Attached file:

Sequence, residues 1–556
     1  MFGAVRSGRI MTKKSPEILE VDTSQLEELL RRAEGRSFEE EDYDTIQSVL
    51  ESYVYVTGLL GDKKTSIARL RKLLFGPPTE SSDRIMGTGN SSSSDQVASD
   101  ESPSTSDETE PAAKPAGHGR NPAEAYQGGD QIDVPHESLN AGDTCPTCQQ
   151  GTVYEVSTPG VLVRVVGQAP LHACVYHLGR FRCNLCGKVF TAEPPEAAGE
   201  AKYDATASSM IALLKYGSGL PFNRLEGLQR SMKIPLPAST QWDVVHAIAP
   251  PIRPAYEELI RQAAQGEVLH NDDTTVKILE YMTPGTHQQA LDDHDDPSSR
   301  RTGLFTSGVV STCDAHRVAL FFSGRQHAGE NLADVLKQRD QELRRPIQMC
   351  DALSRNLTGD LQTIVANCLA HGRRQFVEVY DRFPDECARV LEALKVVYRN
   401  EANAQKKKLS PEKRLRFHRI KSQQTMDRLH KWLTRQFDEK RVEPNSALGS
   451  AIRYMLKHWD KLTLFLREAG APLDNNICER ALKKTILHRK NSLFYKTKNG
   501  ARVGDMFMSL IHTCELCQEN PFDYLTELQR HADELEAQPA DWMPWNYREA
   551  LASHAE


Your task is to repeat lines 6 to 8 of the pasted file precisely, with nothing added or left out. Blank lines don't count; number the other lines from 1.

   201  AKYDATASSM IALLKYGSGL PFNRLEGLQR SMKIPLPAST QWDVVHAIAP
   251  PIRPAYEELI RQAAQGEVLH NDDTTVKILE YMTPGTHQQA LDDHDDPSSR
   301  RTGLFTSGVV STCDAHRVAL FFSGRQHAGE NLADVLKQRD QELRRPIQMC